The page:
Ask Golden Willow

It's not about you . . . or is it?


Dear Ted: Two years ago, my son died and I found myself in a complete spin, not knowing what was up or down. I felt that if all I could do was survive another second, that would be a victory. In the process, I ended up with a divorce and I quit my job. I feel that I have survived the fire of chaos and am now starting to build a new life. The other day a person close to me told me I had to quit only thinking about me and my survival and become aware of the others around me who cared. This startled me, but I realized I had become such an internal person that I wasn't very aware of other people's feelings or emotions. I may have been in a place of not being able to hold other people's "stuff," but in that process, I was pushing people away due to being entitled in expecting my needs to be seen, heard and valued but not reciprocating this important magic back to my loved ones. Have you seen this process happen to other people in the journey of healing from loss? Thanks, Diane

Dear Diane, It sounds like you're are an amazing survivor who is growth-oriented as well as open and caring to the relations around you. The loss of a child is an amazingly difficult loss with a pain for which there are no words that can come close to describing the intense and numerous emotions. To survive a loss, such as a child's death, your brain moves into survival mode.

Many people look for change outwardly, and at the same time, you move into a very personal mode in which your whole life is about you. The grief process is very self-centered as you move through internal and external chaos. You have to redefine so many aspects of yourself to navigate the present world around you.

Sometimes this "redefinition" can cause changes in relationships or jobs, and this can cause more loss and grief at a time you think you cannot handle any more. As your world settles back down and starts to find a new status quo, you may have picked up some new ways of behavior and internal thinking than before you experienced your losses.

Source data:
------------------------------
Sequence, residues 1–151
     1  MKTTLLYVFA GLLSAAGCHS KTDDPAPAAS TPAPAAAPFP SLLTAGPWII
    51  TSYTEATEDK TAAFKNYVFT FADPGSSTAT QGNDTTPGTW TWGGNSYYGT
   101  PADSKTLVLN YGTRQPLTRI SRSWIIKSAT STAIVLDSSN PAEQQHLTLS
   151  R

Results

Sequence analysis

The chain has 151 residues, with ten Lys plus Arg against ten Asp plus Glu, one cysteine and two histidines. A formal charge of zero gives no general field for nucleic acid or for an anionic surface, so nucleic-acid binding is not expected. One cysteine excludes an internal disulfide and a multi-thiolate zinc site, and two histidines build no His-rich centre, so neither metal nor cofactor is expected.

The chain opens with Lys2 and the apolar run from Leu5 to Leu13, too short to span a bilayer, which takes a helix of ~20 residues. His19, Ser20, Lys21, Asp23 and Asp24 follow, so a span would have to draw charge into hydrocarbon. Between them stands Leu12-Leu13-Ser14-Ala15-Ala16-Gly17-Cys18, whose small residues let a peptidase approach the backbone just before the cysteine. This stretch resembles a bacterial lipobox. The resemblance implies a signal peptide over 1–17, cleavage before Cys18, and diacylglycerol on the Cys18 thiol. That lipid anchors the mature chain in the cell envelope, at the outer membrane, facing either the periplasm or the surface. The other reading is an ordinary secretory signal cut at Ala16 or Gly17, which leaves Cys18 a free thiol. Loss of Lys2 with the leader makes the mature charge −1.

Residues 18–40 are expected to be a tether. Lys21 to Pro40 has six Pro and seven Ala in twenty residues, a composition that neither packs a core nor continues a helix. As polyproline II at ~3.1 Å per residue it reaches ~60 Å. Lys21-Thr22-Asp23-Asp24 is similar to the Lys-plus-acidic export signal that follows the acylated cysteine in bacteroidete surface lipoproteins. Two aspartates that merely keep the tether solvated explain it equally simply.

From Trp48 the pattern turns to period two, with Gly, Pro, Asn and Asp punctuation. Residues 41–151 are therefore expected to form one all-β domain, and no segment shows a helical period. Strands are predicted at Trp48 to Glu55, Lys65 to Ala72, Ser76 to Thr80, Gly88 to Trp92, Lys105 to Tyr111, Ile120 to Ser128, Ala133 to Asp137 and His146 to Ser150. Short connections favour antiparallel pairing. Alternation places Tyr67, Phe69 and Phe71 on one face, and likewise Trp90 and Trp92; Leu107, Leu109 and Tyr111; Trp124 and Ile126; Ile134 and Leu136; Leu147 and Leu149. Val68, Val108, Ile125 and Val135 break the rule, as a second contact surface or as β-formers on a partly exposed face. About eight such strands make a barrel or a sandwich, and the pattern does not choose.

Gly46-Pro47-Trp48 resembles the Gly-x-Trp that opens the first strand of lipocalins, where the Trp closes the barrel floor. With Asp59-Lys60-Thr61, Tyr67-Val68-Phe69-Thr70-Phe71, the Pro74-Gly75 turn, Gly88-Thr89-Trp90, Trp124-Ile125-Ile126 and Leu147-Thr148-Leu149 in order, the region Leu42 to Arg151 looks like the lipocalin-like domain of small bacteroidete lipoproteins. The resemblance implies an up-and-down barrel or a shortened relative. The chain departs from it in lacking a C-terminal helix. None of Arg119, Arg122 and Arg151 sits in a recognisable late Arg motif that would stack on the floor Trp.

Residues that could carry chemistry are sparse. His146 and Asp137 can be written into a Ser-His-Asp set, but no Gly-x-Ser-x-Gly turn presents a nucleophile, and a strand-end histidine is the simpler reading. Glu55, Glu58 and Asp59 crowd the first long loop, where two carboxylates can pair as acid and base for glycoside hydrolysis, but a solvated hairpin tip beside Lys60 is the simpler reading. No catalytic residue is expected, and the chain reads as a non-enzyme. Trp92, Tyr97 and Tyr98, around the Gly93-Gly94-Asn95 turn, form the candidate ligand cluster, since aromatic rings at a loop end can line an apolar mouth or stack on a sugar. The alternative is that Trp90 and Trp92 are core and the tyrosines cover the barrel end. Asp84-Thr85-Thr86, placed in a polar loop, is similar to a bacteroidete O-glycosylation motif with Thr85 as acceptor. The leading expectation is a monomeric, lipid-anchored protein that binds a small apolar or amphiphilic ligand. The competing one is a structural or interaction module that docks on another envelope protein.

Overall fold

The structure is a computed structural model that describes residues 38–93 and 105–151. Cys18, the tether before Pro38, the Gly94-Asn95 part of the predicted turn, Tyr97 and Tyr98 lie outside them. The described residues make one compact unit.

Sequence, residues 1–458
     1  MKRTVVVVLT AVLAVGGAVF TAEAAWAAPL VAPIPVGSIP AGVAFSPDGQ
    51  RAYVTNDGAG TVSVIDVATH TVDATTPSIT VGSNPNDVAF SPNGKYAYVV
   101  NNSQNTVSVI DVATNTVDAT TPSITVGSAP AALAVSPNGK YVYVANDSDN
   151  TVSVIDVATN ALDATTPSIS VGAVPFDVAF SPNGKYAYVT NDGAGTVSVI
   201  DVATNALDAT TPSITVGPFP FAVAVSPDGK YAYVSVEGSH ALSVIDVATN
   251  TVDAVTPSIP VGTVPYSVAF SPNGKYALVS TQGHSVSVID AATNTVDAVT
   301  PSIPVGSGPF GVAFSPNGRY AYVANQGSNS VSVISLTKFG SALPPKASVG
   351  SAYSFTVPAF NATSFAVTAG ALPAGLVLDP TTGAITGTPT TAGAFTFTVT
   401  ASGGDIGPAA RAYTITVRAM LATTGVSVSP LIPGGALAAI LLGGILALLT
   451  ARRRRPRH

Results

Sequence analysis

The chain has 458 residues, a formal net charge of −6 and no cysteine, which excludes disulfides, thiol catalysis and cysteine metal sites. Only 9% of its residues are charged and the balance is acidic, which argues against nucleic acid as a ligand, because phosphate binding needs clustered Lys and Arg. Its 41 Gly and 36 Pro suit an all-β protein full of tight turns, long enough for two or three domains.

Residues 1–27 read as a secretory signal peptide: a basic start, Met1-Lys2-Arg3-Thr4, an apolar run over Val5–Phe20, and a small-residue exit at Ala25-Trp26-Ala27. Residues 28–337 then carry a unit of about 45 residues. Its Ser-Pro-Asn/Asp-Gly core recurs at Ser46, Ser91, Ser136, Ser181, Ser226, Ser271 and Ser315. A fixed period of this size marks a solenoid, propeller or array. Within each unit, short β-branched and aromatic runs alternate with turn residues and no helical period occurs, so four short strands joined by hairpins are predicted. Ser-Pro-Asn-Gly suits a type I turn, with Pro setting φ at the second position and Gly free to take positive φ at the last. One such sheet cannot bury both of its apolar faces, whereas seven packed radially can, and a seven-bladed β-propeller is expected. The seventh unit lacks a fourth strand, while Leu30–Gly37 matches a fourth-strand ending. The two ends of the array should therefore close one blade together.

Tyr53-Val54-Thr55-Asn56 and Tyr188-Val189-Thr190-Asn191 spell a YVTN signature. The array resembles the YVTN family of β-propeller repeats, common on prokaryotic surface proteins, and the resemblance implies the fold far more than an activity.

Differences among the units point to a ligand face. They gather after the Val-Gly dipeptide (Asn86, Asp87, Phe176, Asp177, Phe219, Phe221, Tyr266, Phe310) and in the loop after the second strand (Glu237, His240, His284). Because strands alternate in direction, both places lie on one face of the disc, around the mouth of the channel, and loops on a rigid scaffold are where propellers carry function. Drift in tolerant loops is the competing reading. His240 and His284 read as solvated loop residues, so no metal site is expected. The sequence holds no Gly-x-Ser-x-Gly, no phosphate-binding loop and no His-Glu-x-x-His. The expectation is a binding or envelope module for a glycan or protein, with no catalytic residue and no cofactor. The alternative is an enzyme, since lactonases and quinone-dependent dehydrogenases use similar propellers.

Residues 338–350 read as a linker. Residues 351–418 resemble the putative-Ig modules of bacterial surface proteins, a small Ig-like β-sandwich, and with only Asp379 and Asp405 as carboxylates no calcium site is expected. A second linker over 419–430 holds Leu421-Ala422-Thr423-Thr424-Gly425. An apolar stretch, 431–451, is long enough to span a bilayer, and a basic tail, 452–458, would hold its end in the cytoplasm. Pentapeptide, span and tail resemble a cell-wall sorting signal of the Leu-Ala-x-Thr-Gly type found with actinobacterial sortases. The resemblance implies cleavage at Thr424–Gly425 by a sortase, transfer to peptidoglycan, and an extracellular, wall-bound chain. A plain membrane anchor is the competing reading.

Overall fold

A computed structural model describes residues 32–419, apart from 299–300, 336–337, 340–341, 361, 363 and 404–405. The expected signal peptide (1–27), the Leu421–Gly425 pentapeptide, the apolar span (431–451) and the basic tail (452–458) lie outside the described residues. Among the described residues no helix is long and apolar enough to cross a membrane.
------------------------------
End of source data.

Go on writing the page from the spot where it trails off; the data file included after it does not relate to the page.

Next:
Some of these behaviors may be healthy while other behaviors may have helped you survive but are no longer serving you. One survival skill that often plagues many people who experience loss or trauma is becoming self-centered and possibly entitled. You expect the world to listen to you, help you out, be aware of your wants and needs while forgetting that you need to do the same to keep a healthy and balanced relationship with those who love you.

By taking time to be aware of the people around you, you will open to new levels of mindfulness and gratitude. You will open your heart for others and allow you to realize what a gift it is to give emotionally to someone else. You will also become more aware of when another "gifts" you by making an effort to see, hear and value you. That is the true dance of relationships and healing from known and unknown losses.

Blessings on your new journey of healing through conscious gratitude and humility. Thank you for the question. I wish you well. Until next week, take care.

Golden Willow Retreat is a nonprofit organization focused on emotional healing and recovery from any type of loss. Direct any questions to Ted Wiard, LPCC, CGC, Founder of Golden Willow Retreat at (575) 776-2024 or

This column seeks to help educate our community about emotional healing through grief. People may write questions to Golden Willow Retreat and they will be answered privately to you and possibly as a future article for others. Please list a first name that grants permission for printing.